Voices from Kenosha, Wisconsin on the 2020 U.S. election
The residents of Kenosha in the U.S. state of Wisconsin have faced a heartbreaking summer when the city was thrust into the international spotlight after a Black man, Jacob Blake, was shot multiple times by a white police officer.
CGTN talked to community leaders on how they are coping ahead of the U.S. presidential election.
Alvin Owens operates two barbershops, one in Chicago and this one in Kenosha, Wisconsin.
Owens is also a community leader in Kenosha, a city still reeling after events in August saw Blake shot and left paralyzed from the waist down.
The shooting prompted protests that in turn led to clashes with police.
Although the protests for justice continue, the media spotlight on Kenosha has dimmed.
But with the U.S. presidential election fast approaching, we asked Owens to invite other community leaders to his barbershop to discuss recent events.
Porche Bennett made headlines after she decided to go off script at a town hall event in the city for the Democratic challenger to Donald Trump, Joe Biden. For nearly five minutes she shared with Biden the pain of her experiences in the city.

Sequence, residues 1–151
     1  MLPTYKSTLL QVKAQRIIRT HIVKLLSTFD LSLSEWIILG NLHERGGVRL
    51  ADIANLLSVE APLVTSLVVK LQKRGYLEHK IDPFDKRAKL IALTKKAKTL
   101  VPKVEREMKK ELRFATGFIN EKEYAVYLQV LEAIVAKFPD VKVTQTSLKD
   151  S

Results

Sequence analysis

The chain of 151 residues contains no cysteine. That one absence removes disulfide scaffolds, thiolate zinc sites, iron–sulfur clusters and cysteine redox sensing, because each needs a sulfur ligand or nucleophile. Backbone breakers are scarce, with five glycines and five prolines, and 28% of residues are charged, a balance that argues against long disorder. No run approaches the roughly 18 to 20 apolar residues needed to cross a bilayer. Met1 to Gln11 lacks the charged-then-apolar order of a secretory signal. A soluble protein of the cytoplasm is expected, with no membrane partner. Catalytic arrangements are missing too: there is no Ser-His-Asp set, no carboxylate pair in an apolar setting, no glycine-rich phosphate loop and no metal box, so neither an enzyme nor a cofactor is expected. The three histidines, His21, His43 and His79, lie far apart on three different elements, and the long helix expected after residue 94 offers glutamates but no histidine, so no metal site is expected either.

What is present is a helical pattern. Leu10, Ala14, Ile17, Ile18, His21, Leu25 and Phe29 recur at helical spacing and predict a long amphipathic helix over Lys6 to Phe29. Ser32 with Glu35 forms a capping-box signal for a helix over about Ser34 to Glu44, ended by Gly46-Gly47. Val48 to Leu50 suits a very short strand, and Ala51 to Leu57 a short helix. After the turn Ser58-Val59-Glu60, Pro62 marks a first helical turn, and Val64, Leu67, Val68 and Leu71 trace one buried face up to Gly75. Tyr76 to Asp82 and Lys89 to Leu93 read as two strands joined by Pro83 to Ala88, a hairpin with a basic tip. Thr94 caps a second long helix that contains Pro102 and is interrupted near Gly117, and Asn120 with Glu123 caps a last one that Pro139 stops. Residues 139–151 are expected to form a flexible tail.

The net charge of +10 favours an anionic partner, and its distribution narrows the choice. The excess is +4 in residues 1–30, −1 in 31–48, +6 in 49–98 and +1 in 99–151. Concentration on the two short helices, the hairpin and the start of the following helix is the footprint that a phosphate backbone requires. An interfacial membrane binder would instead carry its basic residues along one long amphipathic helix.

"It has been a positive but also a major negative as I am a mother before I am anything. At the beginning of all of this, it was death threats. I couldn’t stay home. Had to stay at a hotel," Porche Bennett said.
"And then I literally had to lose contact with all family and my major issue was losing contact with my children in fear of someone finding them you know. But the positive is them seeing me do this. Having this positive of mummy out there fighting not just for them but all of these babies."
Gregory Bennett Jr is the CEO of Peace in the Streets, another community group in Kenosha.
On the to-do list for the next president, he wants some focus on alleviating the heavily disproportionate number of African Americans in U.S. prisons.
"First prison reform. You need to realize that Wisconsin is the number one state in the United States for incarceration for African American males. Reminder, Jacob Blake got shot here. You want to start fixing systemic racism, start with the prisons," Gregory Bennett Jr. said.
Community leader Kyle Smith agrees.
"We need re-entry programs. We need to help these men to get back into society. Obama can’t reach a kid on the street. He ain’t trying to hear what Obama is trying to say in Chicago. That is not happening. But a brother who has been there and done that has a better chance at it," Smith said.
Community leaders say the to-do list is lengthy. Ending police brutality. Improving education. Economic investment. Employment opportunities.
And then there is the challenge of getting justice for Blake. They expect that fight will continue regardless of who wins the election.